To paraphrase Mark Twain, “Reports of the death of the circus are greatly exaggerated.” The Big Apple Circus, now in its 41st year and at National Harbor, is attracting huge audiences. Its popularity is in an upsurge, not because it has incorporated high-tech special effects or expanded to fill giant three-ring arenas, but because it has held true to fundamental traditions that created the magic of the circus in the past.
Its world-class, highly skilled performers present breathtaking feats in one ring under a big top tent surrounded by rows of seats from which no viewer is more than 50 feet away.
“You can look across the ring and see other people having the same incredible experience of jaw-dropping awe that you are and you are all connected in that communal experience,” said Ringmaster Stephanie Monseu. “You are sitting across from and shoulder to shoulder with somebody else. There is no way to capture that feeling on a screen. It is just magical.”
Monseu—whose experience with the circus ranges from performer to ownership—recalls her first enchantment with the circus at age 6.
“I went with my family and it was a bright summer day, but when we walked into the tent, it felt really magical with the sunlight filtering through the canvas. I remember the smells of the sawdust and the horses. It was a special place.”
The Big Apple Circus production opens with Emil Faltyny, who performs incredible feats of balance on a freestanding ladder, including kicking a soccer ball and catching it on his head. Periodically, Monseu will interact with the show’s two physical comedians, Mark Gindick and Adam Kuchler.
“They aren’t the stereotypical clowns with rainbow wigs and red noses—they are sensitive and accessible performers who are incredibly funny and drive the show forward,” said Monseu. “Adam is also a world-class juggler, and he also performs an unusual juggling act with cigar boxes. His persona is warm, friendly, down-to-earth and comic. He demonstrates his incredible skills with self-deprecating humor and his sheer joy in what he’s doing is infectious.”
Acclaimed animal trainer Jenny Vidbel will treat audiences to a demonstration of the skills of her Liberty Horses and rescue dogs with their game of Ultimate Frisbee. A breathtaking aerial strap act, The Desire of Flight, is next, followed by horizontal juggler Victor Moiseev. He has mastered moving balls on a plane parallel to the ground by understanding the rhythm and timing that are involved in working against gravity.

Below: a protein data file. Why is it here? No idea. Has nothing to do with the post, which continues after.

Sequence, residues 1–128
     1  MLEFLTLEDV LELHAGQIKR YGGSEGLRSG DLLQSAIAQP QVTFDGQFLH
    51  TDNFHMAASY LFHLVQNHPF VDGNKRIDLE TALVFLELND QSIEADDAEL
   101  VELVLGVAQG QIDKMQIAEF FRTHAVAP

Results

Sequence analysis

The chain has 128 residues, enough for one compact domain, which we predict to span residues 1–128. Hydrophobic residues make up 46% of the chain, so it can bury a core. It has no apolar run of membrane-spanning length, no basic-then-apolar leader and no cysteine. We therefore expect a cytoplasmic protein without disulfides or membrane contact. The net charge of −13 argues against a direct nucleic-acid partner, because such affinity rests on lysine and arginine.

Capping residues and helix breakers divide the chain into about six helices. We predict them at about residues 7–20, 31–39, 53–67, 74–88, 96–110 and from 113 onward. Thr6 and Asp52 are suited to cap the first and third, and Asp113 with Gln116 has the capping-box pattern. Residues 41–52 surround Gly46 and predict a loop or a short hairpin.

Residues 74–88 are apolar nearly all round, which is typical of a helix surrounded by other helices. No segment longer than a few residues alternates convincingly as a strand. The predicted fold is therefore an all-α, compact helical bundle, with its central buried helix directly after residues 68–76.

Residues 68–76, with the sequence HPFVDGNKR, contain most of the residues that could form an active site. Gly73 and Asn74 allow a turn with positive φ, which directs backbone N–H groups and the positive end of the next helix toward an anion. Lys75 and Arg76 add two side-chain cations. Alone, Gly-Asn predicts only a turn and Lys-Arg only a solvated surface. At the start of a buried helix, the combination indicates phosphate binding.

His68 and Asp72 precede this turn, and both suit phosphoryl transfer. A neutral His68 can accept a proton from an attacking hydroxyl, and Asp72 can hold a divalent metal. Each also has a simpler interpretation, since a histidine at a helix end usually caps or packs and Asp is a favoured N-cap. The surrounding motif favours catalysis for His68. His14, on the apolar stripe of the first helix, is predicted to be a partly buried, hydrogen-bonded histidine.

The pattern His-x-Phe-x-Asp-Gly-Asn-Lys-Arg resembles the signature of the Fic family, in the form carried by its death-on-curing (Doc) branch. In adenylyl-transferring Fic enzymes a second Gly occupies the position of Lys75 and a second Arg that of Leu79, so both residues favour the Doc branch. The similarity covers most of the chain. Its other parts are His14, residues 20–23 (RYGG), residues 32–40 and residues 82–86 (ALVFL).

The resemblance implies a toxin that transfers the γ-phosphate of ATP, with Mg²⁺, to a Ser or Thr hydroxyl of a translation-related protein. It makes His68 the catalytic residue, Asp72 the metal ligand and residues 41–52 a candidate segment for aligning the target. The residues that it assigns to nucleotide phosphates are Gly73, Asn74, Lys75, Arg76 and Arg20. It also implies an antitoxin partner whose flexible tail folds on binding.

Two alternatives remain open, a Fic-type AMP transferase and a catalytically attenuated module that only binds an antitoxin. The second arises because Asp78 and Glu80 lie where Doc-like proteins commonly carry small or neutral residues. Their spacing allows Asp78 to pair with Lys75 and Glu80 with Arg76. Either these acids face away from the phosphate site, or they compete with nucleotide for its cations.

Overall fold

The second half of the show features Spicy Circus, a five-person double-trampoline act, in which performers bounce off, over and against a plexiglass wall. Next up is Duo Fusion, a hand-balancing act with husband-and-wife team Virginia Tuells and Ihosvanys Perez. In a role-reversal move, Tuells performs lifts in which she supports the weight of her husband while wearing high heels.
The show climaxes with the Flying Tunizianis trapeze troupe, featuring seven fliers and two catchers whose awe-inspiring feats include a quadruple somersault—an achievement accomplished by less than a dozen people worldwide. Adding to the excitement, the performances are accompanied by a live band under the direction of Rob Slowik.
Monseu said that a hallmark of the Big Apple Circus is its accessibility. “The circus has always been financially accessible so that even large families can attend it together, but it has also developed elements that make it accessible to audiences with autism and visual and auditory challenges.”
A special Circus of the Senses, offered at 11 a.m. on March 14, will provide ASL interpretation, assistive listening devices with live audio commentary and a program book in Braille. There will also be a post-show opportunity for children to come into the ring and handle some of the equipment, talk with performers and even pet one of Vidbel’s ponies.
“The circus is a visceral, captivating experience that has an aspirational quality. I think many folks can relate to doing something that’s really hard and the feeling of finally mastering it. They will see these incredible artists who have worked so hard all their lives to perfect their discipline, and I hope people will go home inspired to be great at the thing they love,” said Monseu. “The Big Apple Circus takes you on this wide swing of emotions from wonder, to awe and thrilling tension, to joy and laughter. The circus is the place where you can laugh out loud, gasp and shriek with excitement and where you can stomp your feet and cheer and whistle. And the more you do, the more we do because there really is a dynamic of give and take!”